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Expressive language development in minimally verbal autistic children: exploring the role of speech production

Saul, Joanne Elizabeth; (2020) Expressive language development in minimally verbal autistic children: exploring the role of speech production. Doctoral thesis (Ph.D), UCL (University College London). Green open access

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Abstract

Trajectories of expressive language development are highly heterogeneous in autism. I examine the hypothesis that co-morbid speech production difficulties may be a contributing factor for some minimally verbal autistic individuals. Chapters 1 and 2 provide an overview of language variation within autism, and existing intervention approaches for minimally verbal autistic children. These chapters situate this thesis within the existing literature. Chapter 3 describes a longitudinal study of expressive language in minimally verbal 3-5 year olds (n=27), with four assessment points over 12 months. Contrary to expectations, initial communicative intent, parent responsiveness and response to joint attention did not predict expressive language growth or outcome. Speech skills were significant predictors. Chapter 4 describes the design, development and feasibility testing of the BabbleBooster app, a novel, parent-meditated speech skills intervention, in which 19 families participated for 16 weeks. Acceptability feedback was positive but adherence was variable. I discuss how this could be improved in future iterations of the app and intervention protocol. Chapter 5 details how BabbleBooster’s efficacy was evaluated. For interventions with complex or rare populations, a randomized case series design is a useful alternative to an under-powered group trial. There was no evidence that BabbleBooster improved speech production scores, likely due to limited dosage. Future research using this study design could determine optimal treatment intensity and duration with an improved version of the app. Taken together, these studies underscore the contribution of speech production abilities to expressive language development in minimally verbal autistic individuals. I argue that this reflects an additional condition, and is not a consequence of core autism features. The intervention piloted here represents a first step towards developing a scalable tool for parents to support speech development in minimally verbal children, and illustrates the utility of randomized single case series for testing treatment effects in small, heterogeneous cohorts.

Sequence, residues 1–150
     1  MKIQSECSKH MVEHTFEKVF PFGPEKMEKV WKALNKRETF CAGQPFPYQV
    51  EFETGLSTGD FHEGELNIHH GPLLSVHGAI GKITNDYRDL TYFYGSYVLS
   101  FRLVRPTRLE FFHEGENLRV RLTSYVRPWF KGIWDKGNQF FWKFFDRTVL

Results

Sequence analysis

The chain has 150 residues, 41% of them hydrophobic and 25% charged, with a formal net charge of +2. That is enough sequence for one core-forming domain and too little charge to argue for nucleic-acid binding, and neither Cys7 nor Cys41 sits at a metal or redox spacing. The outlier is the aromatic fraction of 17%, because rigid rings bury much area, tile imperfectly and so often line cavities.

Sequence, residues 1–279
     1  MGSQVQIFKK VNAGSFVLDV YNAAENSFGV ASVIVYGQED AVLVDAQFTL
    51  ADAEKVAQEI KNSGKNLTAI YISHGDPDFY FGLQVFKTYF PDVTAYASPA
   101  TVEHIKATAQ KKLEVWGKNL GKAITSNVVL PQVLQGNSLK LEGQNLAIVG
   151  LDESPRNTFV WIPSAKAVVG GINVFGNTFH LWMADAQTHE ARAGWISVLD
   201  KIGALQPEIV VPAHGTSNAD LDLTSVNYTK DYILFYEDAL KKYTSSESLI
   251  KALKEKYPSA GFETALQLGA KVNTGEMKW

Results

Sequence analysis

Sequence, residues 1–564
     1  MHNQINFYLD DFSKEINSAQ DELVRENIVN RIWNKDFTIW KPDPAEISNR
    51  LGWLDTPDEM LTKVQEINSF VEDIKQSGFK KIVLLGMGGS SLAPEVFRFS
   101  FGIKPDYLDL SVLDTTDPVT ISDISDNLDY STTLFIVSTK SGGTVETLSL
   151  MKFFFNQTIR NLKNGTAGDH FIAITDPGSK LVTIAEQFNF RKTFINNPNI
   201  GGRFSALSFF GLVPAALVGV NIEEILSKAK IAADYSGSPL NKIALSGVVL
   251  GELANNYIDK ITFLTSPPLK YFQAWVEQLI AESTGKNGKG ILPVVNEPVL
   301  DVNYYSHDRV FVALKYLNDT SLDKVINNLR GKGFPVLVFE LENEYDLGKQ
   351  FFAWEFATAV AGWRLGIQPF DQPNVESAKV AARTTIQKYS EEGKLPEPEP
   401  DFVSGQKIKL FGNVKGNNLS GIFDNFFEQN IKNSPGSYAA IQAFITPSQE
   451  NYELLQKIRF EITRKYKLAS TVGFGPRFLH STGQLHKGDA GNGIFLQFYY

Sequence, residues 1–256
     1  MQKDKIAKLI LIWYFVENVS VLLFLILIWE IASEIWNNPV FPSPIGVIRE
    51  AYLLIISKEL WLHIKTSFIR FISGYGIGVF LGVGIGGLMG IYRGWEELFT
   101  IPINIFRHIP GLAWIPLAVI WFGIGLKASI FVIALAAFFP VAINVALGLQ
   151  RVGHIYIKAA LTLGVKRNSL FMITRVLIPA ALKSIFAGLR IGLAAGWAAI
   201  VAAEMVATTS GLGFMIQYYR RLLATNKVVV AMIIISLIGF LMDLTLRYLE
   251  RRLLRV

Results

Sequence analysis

Type: Thesis (Doctoral)
Qualification: Ph.D
Title: Expressive language development in minimally verbal autistic children: exploring the role of speech production
Event: UCL
Open access status: An open access version is available from UCL Discovery
Language: English
Additional information: Copyright © The Author 2020. Original content in this thesis is licensed under the terms of the Creative Commons Attribution 4.0 International (CC BY 4.0) Licence (https://creativecommons.org/licenses/by/4.0/). Any third-party copyright material present remains the property of its respective owner(s) and is licensed under its existing terms. Access may initially be restricted at the author’s request.
Keywords: autism, speech, minimal language, intervention, longitudinal
UCL classification: UCL
UCL > Provost and Vice Provost Offices
UCL > Provost and Vice Provost Offices > School of Life and Medical Sciences
UCL > Provost and Vice Provost Offices > School of Life and Medical Sciences > Faculty of Brain Sciences
UCL > Provost and Vice Provost Offices > School of Life and Medical Sciences > Faculty of Brain Sciences > Div of Psychology and Lang Sciences
URI: https://discovery.ucl.ac.uk/id/eprint/10095738
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